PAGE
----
and hopefully not a dollar short. this is a belated memorial day post.
The folks i remember:
My father, who was in for the duration (like everybody else) in WWII, and saw his war from an engine room as a USN machinist's mate. Hot, sweaty, noisy, crap duty, a weird gig for a Georgia farmboy, but he did get to meet my mother while in NYC getting some mechanical training at ConEd.
My stepfather, who signed up before the war broke out because it was a good gig. Three hots and a cot. He knew how to operate heavy equipment, so they gave him a tank and made him a sargeant. He was captured in North Africa, shipped over to Italy with a German field hospital group, and walked north until he was liberated. Lots of weird sad stories from that adventure. Then, back into the tank in the European theater until VE day.
My father-in-law, who spent his war tromping around the Phillippines. Before the war, he had a pretty good little gas station in Butler PA, which he basically had to sell when he was drafted. The thing he was proudest of about his war service was the fact that nobody in his group was killed in combat.
My good friend Put, just passed a week or two ago at age ninety-something, spent his war in tanks in Europe. Took a very interesting over-and-under rifle and shotgun combination off an Austrian civilian, who had just tried to kill him with it. Safety tip - go up against a tank with a hunting piece, and you will likely lose. Put went back to Europe a few years ago, to visit the places he'd fought, and to try to put some demons to rest. Didn't work, he was still prone to waking up with nightmares about the war (70 years later!), but he wrote a good book about it.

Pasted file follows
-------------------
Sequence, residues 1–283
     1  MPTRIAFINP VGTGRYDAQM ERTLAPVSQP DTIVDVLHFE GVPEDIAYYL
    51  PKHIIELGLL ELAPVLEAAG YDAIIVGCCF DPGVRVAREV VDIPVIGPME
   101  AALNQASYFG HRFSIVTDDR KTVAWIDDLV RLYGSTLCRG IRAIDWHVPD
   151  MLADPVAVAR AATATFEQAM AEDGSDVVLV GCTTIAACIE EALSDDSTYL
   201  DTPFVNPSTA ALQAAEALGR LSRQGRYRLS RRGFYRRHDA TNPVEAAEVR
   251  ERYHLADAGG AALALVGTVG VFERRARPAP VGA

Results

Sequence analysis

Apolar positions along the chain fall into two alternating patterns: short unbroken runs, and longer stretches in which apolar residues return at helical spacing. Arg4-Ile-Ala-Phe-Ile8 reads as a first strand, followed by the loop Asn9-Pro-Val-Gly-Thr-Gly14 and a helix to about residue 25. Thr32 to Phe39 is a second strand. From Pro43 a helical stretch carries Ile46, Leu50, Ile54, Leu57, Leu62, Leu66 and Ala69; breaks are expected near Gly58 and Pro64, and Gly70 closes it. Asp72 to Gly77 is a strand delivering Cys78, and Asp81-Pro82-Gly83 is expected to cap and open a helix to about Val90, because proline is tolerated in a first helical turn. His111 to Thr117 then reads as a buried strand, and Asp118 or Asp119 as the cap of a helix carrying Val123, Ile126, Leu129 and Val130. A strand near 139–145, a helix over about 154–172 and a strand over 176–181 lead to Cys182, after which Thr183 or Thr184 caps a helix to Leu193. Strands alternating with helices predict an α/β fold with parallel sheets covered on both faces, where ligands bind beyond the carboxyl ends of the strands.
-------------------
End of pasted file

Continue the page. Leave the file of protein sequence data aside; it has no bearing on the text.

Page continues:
My good friend Bob, still here, in his 90's, trained and led a troop of black recruits during the war, then spent some years in Japan as part of the post-war occupation.
My mother-in-law, for that matter, who spent the war years building Corsairs in Akron OH.
Those folks, excepting only Bob and my mother-in-law, are all gone.
I have two brothers-in-law who served during Vietnam. One served in Germany, one in Korea. They lucked out.
One nephew of my step-father, not so lucky, fell into a man-trap full of punji sticks in Vietnam. Messed his legs up, and was prone to weird intermittent undiagnosable fevers for many years after.
All of those folks would almost certainly have preferred to stay home if they could, and they all went. I tip my hat to them, all of them, and remember the ones who have passed with love and respect.